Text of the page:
Barcelona to ditch Microsoft in favour of open source Linux software

The beach front in Barcelona
(Image credit: Shutterstock)

Catalan capital Barcelona is planning to ditch proprietary software products from Microsoft in favour of free, open source alternativessuch as Open-Xchange email.

That's according to a report by Spain's national paperEl Pais, which reports that Barcelona plans to invest 70% of its annual software budget in open source this year.

The city's council aims to complete the transformation by spring 2019, and will replace Microsoft Office with Libre Office, while Mozilla's Firefox will become the default browser.At a later stage, Barcelona's council will make Ubuntu Linux its operating system of choice.

It has been piloting the move for a while now as part of the European campaignPublic Money, Public Code, an initiative led by the Free Software Foundation Europe that asks public bodies to invest tax revenues in reusable systems that are open to local businesses and that don't use proprietary licensed software.

This will see Barcelona reducing the amount of money it spends on software licensing and its dependence on the proprietary suppliers that have held contracts with the city authorities for decades.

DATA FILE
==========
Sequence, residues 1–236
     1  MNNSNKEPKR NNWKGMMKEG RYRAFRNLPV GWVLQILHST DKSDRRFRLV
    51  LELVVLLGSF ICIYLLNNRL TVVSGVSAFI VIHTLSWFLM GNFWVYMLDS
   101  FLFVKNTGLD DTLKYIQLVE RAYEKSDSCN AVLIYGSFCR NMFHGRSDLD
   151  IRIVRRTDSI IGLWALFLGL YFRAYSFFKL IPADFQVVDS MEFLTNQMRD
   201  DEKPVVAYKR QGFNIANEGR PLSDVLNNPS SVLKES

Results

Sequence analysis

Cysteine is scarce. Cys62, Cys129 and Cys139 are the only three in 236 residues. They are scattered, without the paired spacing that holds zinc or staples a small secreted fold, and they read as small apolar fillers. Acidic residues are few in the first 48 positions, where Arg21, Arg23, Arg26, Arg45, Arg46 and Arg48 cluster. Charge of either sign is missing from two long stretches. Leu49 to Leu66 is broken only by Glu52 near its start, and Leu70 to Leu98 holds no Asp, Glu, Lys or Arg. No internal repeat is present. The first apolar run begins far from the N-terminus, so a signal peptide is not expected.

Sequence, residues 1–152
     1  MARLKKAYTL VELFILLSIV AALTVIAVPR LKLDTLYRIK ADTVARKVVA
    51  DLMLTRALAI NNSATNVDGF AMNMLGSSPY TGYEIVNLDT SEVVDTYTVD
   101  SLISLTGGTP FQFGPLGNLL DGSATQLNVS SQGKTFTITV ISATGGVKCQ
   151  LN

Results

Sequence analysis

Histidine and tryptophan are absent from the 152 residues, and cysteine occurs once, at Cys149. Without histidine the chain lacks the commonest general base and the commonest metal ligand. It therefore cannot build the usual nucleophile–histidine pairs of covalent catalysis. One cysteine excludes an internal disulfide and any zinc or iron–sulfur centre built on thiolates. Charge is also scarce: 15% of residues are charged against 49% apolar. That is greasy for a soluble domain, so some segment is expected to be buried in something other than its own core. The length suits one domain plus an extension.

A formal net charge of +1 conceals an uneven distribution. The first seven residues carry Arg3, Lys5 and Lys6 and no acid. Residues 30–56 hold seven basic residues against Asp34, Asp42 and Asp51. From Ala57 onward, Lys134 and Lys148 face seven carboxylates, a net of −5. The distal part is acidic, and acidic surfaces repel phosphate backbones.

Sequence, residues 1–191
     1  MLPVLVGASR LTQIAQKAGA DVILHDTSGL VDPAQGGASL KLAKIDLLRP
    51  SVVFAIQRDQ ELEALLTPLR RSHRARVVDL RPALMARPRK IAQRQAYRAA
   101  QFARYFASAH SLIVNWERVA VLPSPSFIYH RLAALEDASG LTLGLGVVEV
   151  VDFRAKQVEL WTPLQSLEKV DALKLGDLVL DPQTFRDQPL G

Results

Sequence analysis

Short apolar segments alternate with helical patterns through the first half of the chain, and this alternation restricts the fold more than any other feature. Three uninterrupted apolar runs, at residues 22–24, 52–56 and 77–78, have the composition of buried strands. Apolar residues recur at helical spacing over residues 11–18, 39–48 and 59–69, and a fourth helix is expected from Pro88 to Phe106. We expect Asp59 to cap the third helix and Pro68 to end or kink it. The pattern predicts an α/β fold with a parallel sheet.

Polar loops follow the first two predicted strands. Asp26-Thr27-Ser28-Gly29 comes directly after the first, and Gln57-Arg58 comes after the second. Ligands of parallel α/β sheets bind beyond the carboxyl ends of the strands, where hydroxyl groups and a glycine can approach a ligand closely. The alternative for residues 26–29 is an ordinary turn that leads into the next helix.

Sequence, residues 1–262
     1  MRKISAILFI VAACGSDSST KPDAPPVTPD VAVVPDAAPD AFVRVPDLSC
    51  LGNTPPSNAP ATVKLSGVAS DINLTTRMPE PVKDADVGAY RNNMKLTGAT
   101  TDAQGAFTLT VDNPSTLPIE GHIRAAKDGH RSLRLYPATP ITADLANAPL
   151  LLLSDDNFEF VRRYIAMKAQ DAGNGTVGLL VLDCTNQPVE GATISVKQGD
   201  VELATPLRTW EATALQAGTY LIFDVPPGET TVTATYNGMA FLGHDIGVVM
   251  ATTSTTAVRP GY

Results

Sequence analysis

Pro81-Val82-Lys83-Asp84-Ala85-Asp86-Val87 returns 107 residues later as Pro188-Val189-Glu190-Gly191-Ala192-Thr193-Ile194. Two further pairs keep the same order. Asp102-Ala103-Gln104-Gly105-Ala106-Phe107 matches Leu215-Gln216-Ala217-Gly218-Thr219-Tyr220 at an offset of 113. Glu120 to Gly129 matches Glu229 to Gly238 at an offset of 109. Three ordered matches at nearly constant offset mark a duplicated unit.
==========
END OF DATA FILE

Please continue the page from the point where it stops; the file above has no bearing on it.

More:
The city's administration has already begun the process of commissioning IT projects with local SMBs, and hiring software developers - it wants to hire up to 65 computer scientists over the next year.

Commissioner for technology and digital innovation on the city's council, Francesca Bria, said taxpayers' money should be invested in open source code that can be reused by the public. She added that one planned project will see the development of an online digital market platform, which will let small businesses take part in public tenders.

Barcelona has developed "ethical standards" to prioritise the hiring of "local companies that work with open source and agile methodologies", Bria said.

It's expected that the open source software written in Barcelona will be made available to other Spanish cities if successful.

Picture: Shutterstock